Wednesday, July 31, 2013
For people seeking healthcare services in Odell and Cascade Locks, there are few to no options that don’t involve driving to Hood River or Stevenson.
However, two part-time healthcare facilities scheduled to open next month in Odell and Cascade Locks will go a long way toward addressing the healthcare needs of people living in these underserved communities.
Hood River County Administrator David Meriwether said the Cascade Locks clinic, which will occupy part of the old Cascade Locks High School, and the Odell clinic, which will occupy a portion of Mid Valley Elementary School’s cafeteria, will offer a variety of services, such as inoculations, mental health services, drug and alcohol counseling, family planning and health and nutrition counseling; though they will have limited hours.
“It won’t be a full-time clinic,” Meriwether said. “It would be open on a periodic basis; a couple days a week.”
Staffing for the clinic will be split between the Hood River County Health Department and the Mid-Columbia Center for Living, with the possibility of other health service providers joining in the future.
To prepare for the arrival of the healthcare facilities, both schools underwent remodeling this past winter, which is currently nearing completion. Meriwether said the cost of the remodeling was paid for by $600,000 in federal appropriations that were awarded to the county years ago. The original plan was to construct a $1.2-million health clinic in Cascade Locks, anticipating the city of approximately 1,150 residents would swell by several thousand when a long-envisioned off-reservation casino and resort would finally be built on port lands. The controversial 690,000-square-foot casino and resort, which would be built by the Confederated Tribes of Warm Springs Indian Reservation, is in limbo since Gov. John Kitzhaber has refused to give his required approval of the project.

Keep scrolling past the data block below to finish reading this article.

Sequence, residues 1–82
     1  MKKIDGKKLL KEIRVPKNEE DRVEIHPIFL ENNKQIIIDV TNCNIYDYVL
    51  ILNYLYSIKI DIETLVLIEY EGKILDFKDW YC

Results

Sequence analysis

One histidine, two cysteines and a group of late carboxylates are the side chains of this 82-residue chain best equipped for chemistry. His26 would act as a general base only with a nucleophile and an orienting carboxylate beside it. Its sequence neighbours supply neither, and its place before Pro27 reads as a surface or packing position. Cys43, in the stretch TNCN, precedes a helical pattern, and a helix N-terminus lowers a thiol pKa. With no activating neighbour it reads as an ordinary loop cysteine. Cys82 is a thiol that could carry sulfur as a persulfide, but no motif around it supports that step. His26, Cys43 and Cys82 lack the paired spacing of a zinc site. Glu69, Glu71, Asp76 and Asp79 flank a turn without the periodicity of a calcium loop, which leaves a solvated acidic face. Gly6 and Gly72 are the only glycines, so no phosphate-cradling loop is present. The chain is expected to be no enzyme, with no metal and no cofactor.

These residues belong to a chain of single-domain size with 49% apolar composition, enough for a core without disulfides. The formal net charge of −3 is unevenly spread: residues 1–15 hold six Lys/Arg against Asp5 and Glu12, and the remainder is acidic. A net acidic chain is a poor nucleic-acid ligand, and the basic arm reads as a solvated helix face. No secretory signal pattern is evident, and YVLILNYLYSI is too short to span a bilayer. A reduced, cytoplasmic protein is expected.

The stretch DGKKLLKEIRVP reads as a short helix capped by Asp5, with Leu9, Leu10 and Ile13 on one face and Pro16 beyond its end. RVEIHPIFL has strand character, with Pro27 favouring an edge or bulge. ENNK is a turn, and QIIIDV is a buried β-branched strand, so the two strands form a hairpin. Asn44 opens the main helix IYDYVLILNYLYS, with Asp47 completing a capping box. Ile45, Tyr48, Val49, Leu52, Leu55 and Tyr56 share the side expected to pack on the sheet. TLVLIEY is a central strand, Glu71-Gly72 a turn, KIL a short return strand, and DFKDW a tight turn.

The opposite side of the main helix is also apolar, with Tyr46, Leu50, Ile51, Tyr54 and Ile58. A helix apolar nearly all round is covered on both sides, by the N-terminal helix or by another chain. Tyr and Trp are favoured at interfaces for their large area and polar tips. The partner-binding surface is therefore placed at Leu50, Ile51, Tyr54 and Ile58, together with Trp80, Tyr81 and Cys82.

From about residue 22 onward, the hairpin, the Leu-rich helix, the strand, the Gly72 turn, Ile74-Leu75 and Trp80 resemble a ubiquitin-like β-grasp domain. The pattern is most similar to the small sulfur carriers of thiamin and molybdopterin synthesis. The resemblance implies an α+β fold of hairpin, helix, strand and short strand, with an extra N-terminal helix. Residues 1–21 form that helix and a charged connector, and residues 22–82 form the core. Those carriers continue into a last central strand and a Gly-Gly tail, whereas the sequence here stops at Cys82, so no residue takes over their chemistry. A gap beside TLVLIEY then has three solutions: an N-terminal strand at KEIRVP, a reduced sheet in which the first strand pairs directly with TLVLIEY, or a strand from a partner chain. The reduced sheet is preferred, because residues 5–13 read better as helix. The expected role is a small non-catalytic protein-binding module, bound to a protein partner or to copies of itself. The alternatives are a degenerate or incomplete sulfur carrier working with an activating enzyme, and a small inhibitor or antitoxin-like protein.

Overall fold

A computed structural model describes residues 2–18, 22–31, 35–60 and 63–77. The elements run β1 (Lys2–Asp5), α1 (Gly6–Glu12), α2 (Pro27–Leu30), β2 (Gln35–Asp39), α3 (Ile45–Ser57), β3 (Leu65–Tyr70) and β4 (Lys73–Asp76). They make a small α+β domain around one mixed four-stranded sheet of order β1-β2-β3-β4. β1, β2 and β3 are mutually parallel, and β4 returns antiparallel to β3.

“Without the population increase, there was no point in building a facility of that size,” Meriwether explained. “When it became obvious that, A: there was not going to be a gaming casino, and B: that time was running out on expending the funds, we decided to move forward with the project.”
Heidi Ochsner, assistant to the county administrator, has been helping coordinate the project and said that “operation costs will be absorbed by each of the entities” that will be using the facility. On the Health Department side, which Ochsner said will charge services on a sliding scale based on a patient’s income, the facility will be staffed by school nurses who are already on site to serve students. Ochsner also said the county is “currently working out arrangements” with the Hood River County School District, which owns both buildings. Cascade Locks High School was closed in 2009 due to poor enrollment forecasts and Ochsner noted the Cascade Locks Branch of the Hood River County Library is also planning on moving into the facility within the next year.
Although an official date has not been announced yet, both the Odell and the Cascade Locks facility are planned to have grand openings within the next few weeks.
More like this story
- Letters to the Editor for April 29
- Library District wins award for Odell Library Express project
- OSU spring plant sale canceled
- HRVHS music students win spots at state championships in May
- Summer youth employment at Next Door
- Patterson takes second at Oregon Speech event
- Delta Kappa marks 50 years, holds Spring Fling Bingo May 13
- Steelhead Robotics returns from World event
- Local students named to OSU honor roll
- Destination Imagination team prepares for Global Finals
I Can't Keep Quiet singers at "Citizen Town Hall"
‘I can’t keep quiet,’ sing members of an impromptu choir in front of Hood River Middle School Saturday prior to the citizen town hall for questions to Rep. Greg Walden. The song addresses female empowerment generally and sexual violence implicitly, and gained prominence during the International Women’s Day events in January. The singers braved a sudden squall to finish their song and about 220 people gathered in HRMS auditorium, which will be the scene of the April 12 town hall with Rep. Greg Walden, at 3 p.m. Enlarge